Sweeping changes to the rules on work permit issuance were introduced on Friday 20 June. While details are still emerging, we can provide some further information at this time.
The following changes appear to be effective immediately:
- Work permit rules are split into two main classes: those that require advance employer authorization and those which do not; the former will be called the Temporary Foreign Worker Program (TFWP) which will be overseen by Employment and Social Development Canada (ESDC) while the latter will be called the International Mobility Program (IMP) and will be overseen by Citizenship and Immigration Canada (CIC).
- The TFWP is further divided into high-wage and low-wage categories. Previously, high-skilled and low-skilled occupations were determined by the code assigned by the National Occupation Code (NOC). Now, wages will replace skill level as the main criteria for distinguishing occupations, as determined by the provincial median wage
- For the TFWP, Labour Market Opinions have been replaced with a more rigorous Labour Market Impact Assessment (LMIA). The application for an LMIA is much more in-depth than previous applications, and allows for greater scrutiny.
- The employer fee for an LMIA is set at $1,000 per worker, per application. Previously, a Labour Market Opinion (LMO) cost $275 to be processed.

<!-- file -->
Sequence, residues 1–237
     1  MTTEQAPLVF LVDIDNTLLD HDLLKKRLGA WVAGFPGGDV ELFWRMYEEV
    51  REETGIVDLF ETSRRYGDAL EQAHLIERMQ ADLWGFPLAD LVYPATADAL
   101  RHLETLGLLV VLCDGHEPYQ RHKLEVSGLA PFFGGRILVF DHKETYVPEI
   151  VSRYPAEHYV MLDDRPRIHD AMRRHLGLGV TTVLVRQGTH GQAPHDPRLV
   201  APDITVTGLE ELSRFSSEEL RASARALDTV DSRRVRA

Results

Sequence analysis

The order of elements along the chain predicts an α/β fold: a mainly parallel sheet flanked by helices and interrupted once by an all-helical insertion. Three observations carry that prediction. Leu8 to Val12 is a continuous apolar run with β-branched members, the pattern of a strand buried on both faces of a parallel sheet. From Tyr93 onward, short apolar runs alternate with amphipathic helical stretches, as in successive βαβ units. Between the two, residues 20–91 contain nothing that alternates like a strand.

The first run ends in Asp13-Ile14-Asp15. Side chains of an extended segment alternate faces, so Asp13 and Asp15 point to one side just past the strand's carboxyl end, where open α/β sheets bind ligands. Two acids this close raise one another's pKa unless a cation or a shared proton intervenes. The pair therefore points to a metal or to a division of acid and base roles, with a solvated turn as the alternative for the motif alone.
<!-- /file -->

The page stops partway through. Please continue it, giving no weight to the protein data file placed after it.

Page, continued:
- Employers with 10 or more employees in low-skilled occupations are capped at 10% of their workforce being TFWs.
- Most employers of high-wage TFWs are now required to submit a plan to transition to a Canadian workforce, along with any LMIA application
- Expedited LMIA processing for certain high-wage occupations
- Complete bar on LMIA issuance for some occupations in areas of high unemployment, regardless of individual employer conditions
- Maximum one-year LMIAs for low-wage positions (there is contradictory information on when this comes into force)
- Reduction of overall cap for LMIAs in low-wage positions (same as above)
- End to the moratorium on LMIAs in the food services industry, however, areas with high unemployment will be unable to pursue an application
The following changes appear set to be introduced over the coming months and years:
- Reduction of the ratio of low-wage TFWs to 10% of workforce, with possible elimination of the low-wage program after 2-3 years
- Increased inspections (estimated 1 in 4 employers of TFWs will be audited by government each year)
- Additional work permit fees, both for employers and employees
- Possible elimination of some LMIA-exempt categories
- Expanded fines for employers who violate the rules
- Requirement for employers in the IMP to provide copies of job offers to Citizenship and Immigration Canada
- Publication of names of employers who use the TFWP, along with how many positions they have been approved for
Additionally, for those individuals impacted by the moratorium on the Food Service Industry, ESDC has published guidelines on how process these cases.